5 posted on 01/05/2006 7:36:22 AM PST by Freebird Forever (If they're truly public servants, why do they live in the mansions?)
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To: lunarbicep
The Cowsills figure prominently in a very important event in my first true love....November 1967.Can't hear that song without thinking of Chris and Ft Lauderdale.

It's sad to hear about Barry's death.May he rest in peace.

6 posted on 01/05/2006 7:38:12 AM PST by Gay State Conservative
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To: lunarbicep
On Aug. 28, he was scheduled to fly from New Orleans to Los Angeles to enter a facility near brother Bob's home. Katrina hit Aug. 29 with Barry stuck in a warehouse.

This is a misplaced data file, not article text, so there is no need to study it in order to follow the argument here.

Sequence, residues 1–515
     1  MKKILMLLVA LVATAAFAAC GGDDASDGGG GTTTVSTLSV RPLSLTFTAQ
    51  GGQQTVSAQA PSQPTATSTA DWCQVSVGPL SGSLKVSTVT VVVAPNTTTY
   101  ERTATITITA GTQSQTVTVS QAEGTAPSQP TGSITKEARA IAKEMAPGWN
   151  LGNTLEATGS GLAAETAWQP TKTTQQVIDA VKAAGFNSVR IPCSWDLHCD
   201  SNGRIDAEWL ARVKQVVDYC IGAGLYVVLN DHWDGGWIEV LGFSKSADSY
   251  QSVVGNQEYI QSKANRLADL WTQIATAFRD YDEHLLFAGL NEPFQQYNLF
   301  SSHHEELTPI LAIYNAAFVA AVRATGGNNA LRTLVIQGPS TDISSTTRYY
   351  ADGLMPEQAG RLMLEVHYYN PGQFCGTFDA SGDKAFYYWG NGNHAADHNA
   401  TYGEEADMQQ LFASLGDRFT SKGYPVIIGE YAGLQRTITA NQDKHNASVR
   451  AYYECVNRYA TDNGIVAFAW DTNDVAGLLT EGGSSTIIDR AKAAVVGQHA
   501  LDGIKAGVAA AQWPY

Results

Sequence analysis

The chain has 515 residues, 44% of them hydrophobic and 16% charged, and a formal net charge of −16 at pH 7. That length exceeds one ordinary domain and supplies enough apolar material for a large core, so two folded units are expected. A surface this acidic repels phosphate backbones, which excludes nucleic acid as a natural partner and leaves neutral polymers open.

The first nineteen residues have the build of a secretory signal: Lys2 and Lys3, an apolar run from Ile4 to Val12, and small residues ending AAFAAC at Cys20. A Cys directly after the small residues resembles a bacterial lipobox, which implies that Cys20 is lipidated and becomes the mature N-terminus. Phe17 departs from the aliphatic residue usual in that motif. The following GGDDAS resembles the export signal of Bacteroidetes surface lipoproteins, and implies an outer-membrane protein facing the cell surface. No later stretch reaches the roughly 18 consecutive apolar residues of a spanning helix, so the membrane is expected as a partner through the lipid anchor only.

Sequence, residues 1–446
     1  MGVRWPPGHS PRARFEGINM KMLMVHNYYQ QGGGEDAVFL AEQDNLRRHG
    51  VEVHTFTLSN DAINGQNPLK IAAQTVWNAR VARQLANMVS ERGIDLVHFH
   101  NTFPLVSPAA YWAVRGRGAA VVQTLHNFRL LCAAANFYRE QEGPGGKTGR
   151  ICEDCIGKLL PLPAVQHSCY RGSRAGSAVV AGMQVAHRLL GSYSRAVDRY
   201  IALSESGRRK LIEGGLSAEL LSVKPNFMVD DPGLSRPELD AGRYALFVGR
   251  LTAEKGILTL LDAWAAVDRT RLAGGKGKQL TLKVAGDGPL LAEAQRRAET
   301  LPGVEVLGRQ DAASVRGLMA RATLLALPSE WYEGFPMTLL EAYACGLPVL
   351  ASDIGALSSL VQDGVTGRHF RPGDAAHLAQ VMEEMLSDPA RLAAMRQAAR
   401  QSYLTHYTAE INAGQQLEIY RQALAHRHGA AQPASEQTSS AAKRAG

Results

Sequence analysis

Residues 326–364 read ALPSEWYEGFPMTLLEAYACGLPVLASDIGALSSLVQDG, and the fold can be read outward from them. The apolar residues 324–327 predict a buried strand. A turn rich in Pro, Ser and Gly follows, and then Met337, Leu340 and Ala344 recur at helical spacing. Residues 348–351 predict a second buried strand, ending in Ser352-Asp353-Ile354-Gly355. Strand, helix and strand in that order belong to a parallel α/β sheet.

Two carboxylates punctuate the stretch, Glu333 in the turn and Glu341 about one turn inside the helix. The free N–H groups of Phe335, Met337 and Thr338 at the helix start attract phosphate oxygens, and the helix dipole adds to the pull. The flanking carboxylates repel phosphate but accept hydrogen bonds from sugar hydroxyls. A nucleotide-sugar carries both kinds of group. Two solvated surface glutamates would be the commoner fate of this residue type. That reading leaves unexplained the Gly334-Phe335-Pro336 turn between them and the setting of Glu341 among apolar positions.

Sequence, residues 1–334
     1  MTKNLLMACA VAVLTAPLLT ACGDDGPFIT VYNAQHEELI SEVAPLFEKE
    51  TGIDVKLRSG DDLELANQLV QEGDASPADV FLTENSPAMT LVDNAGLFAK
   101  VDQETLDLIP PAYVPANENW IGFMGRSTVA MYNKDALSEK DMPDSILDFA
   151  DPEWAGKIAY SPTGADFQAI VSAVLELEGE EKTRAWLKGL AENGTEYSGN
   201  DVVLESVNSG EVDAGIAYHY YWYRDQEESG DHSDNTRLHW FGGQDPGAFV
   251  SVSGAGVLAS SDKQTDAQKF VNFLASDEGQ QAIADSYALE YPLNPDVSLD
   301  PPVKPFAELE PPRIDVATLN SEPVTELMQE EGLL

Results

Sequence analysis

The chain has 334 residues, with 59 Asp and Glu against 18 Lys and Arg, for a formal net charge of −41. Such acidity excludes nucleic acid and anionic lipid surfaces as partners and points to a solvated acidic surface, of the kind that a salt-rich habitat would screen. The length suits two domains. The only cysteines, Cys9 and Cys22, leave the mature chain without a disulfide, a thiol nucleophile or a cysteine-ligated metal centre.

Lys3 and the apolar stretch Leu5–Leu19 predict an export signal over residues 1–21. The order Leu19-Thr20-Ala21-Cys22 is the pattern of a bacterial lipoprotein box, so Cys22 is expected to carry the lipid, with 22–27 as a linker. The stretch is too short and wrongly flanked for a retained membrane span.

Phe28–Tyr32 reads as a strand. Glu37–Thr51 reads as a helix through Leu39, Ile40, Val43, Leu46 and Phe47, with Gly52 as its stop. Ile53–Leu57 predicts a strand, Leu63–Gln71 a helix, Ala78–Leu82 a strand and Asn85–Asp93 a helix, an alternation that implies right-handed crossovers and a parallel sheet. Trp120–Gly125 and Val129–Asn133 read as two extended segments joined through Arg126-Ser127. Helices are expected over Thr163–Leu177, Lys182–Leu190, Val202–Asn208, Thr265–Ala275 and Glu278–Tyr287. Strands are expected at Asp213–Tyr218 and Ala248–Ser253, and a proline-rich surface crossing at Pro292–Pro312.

If he was scheduled to fly out on August 28, why was he still in New Orleans on the 29th?
7 posted on 01/05/2006 7:40:48 AM PST by Xenalyte (Can you count, suckas? I say the future is ours . . . if you can count.)
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To: Freebird Forever

One of my all-time favorite songs:

The Rain, The Park, and Other Things

I saw her sitting in the rain,
raindrops falling on her.
She didn't seem to care.
She sat there and smiled at me.

And I knew (I knew, I knew, I knew, I knew)
she could make me happy (happy, happy).
Flowers in her hair, flowers everywhere.

I love the flower girl, oh, I don't know just why.
She simply caught my eye.
I love the flower girl, she seemed so sweet and kind.
She crept into my mind.

Suddenly the sun broke through (see the sun).